The 15-minute time frame is one of the most traded time frames by day traders.
The reason is its balance in showcasing short- mid-time price progression/ structure.
In the fluctuating world of trading, the search for the perfect technical indicator remains a holy grail.
Among the plethora of tools available, the moving average stands as a fundamental pillar.
The efficacy of this simple yet profound tool varies across different timeframes and types of moving averages. This article specifically explores the optimal moving average for a 15-minute chart.
- What Is a Moving Average?
- What are Time Frames?
- Trading The 15 Minutes Chart With Moving Averages
- Why The 20 Exponential Moving Is The Best For The 15 Minutes Chart
- Using The 20EMA With Other Technical Indicators
- What Is The Best Setting For Moving Averages?
What Is a Moving Average?
A moving average is one of the various technical indicators that exist in the world of trading. The primary function of a moving average is to get rid of noise and show traders a clear direction (trend).
This is done by constantly taking the average of past market closes to decipher the market’s direction.
Typically, indicators are either lagging or leading, with no in-betweens. In the case of the moving average, it is a lagging indicator since it trails behind price action.
Furthermore, moving averages can be divided into two categories. Namely, the simple moving average and the exponential moving average.
The latter reacts faster to price was emphasis is laid on more recent price closes, while the former reacts slower.
What are Time Frames?
The price of whatever asset changes/ fluctuates with respect to time. Trading platforms provide real-time data from different time scales so traders can fully understand the market’s movements.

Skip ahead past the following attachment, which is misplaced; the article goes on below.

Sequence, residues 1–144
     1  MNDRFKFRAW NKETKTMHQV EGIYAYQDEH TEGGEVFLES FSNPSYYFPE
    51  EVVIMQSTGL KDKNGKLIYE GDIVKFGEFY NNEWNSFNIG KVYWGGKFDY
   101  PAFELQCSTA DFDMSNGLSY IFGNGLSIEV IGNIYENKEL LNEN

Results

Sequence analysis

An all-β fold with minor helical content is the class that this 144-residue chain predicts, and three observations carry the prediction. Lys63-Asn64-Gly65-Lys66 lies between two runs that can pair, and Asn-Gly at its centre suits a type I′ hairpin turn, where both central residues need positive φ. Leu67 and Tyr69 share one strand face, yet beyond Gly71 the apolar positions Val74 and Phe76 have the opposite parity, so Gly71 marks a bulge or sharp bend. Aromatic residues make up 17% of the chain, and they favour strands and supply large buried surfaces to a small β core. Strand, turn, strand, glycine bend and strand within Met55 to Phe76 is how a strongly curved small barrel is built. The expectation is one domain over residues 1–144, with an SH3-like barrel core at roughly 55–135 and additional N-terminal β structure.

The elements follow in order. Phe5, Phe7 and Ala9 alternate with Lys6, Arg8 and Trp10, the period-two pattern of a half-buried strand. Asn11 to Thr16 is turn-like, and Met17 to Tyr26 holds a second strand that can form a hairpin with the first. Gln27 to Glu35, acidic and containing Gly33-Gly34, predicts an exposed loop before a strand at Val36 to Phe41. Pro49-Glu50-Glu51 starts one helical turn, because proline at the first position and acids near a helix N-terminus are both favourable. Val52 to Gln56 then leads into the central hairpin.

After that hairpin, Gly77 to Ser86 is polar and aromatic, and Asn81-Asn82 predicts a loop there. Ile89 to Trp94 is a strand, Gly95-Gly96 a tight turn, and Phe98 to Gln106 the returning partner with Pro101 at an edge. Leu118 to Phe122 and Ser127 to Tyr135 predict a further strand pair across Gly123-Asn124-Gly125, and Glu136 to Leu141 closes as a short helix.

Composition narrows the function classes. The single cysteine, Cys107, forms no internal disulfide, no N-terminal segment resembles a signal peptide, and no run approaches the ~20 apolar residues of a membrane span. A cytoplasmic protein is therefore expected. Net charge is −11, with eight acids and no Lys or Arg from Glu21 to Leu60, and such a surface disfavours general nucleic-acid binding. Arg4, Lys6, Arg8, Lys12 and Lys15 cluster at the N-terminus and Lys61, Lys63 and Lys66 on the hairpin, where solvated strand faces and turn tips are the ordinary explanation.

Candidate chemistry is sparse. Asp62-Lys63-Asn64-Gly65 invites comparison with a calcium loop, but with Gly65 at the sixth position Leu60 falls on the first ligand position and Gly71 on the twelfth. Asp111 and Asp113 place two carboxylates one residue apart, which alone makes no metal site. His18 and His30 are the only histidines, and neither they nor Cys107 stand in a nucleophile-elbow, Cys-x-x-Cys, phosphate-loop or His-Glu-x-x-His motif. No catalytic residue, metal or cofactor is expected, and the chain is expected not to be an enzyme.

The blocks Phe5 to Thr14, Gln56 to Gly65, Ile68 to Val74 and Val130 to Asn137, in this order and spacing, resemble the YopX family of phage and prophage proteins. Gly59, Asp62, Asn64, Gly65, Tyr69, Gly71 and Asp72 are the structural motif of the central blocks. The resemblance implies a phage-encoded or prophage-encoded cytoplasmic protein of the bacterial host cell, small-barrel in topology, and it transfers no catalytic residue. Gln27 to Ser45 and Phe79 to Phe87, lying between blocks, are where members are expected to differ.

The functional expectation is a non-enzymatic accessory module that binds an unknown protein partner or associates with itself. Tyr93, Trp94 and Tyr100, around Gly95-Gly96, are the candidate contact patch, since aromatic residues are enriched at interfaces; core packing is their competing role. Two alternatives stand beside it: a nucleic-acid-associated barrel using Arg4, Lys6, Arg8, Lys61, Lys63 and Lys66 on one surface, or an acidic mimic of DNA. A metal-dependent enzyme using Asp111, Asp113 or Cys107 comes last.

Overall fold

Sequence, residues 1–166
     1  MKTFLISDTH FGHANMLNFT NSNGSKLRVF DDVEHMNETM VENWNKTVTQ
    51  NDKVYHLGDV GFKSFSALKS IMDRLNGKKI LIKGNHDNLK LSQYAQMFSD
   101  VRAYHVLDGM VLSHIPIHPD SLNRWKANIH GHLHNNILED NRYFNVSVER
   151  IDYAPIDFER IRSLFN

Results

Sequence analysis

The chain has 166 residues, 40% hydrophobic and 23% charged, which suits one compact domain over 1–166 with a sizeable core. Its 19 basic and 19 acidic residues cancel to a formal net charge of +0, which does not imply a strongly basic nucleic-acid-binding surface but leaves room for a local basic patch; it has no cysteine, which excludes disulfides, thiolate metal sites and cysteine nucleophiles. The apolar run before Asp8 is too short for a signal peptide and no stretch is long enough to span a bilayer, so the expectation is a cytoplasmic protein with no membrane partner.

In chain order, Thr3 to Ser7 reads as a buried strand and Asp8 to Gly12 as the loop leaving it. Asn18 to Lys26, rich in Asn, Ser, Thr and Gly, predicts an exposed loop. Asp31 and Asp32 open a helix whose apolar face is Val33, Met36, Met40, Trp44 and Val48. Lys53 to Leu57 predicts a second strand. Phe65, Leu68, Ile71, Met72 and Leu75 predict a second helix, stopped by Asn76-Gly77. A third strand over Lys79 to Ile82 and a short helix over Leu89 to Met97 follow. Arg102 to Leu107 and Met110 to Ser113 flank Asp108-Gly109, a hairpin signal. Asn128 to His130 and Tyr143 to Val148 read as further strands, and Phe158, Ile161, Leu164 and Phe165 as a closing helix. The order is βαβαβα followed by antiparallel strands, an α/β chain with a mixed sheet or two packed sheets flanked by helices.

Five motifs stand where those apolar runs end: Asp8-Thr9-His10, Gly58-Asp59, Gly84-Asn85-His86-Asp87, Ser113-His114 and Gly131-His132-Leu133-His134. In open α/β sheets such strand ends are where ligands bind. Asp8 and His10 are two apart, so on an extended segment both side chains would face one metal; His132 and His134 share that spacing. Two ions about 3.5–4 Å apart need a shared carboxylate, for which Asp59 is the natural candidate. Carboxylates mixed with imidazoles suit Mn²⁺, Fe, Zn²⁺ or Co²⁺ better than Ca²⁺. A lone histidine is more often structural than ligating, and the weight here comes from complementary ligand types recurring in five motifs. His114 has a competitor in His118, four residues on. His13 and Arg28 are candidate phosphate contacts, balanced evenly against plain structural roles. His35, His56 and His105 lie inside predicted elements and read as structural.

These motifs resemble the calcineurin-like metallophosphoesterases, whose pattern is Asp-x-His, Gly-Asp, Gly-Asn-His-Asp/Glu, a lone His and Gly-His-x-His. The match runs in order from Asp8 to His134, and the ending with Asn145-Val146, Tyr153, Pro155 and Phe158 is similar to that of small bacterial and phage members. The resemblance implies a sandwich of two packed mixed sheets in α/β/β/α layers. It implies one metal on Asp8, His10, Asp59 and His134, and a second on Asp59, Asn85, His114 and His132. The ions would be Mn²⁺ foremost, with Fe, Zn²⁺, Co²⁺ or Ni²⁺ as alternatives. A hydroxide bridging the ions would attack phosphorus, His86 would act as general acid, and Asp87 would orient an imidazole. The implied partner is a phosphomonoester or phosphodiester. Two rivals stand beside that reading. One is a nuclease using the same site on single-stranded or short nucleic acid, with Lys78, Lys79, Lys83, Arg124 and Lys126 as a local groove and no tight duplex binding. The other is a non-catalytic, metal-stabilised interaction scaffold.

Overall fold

It usually takes some time to figure out the most suitable time frame for you fully. But it all boils down to the sort of trader you are.
Day traders should stick to time frames lower than the 1hr time frame as they are most suitable to that trading style. Scalpers want to be in and out of a trade in a jiffy; it’s only right that the small/smallest time frames are utilized.
As for swinging trade, the 4-hour time frames up until the weekly is used, while position trades can go even higher than that.
The 15 Minutes Chart (Time Frame)
If the price of an asset is recorded at a 15-minute interval and the data is plotted on a chart, the result is the 15-minute time frame.
In general, data are represented on charts these days with Japanese candlesticks. On the 15 minutes time frame, each candlestick opens and closes at a 15-minute period.
The wicks of each candlestick represent the region’s price reached but neither opened nor closed there.
Once more, this time frame is only suitable for day trading since the ‘complete’ narrative cannot be viewed.
Trading The 15 Minutes Chart With Moving Averages
Either the simple moving average or exponential moving averages can be utilized. They both identify trends accurately; one is simply reacting faster to price than the other.
Keep in mind that due to this reason, the exponential moving average will be subjected to fake outs sometimes.
In this article, though, EMAs would be utilized, and the best-moving average for the 15-minute chart is the 20EMA.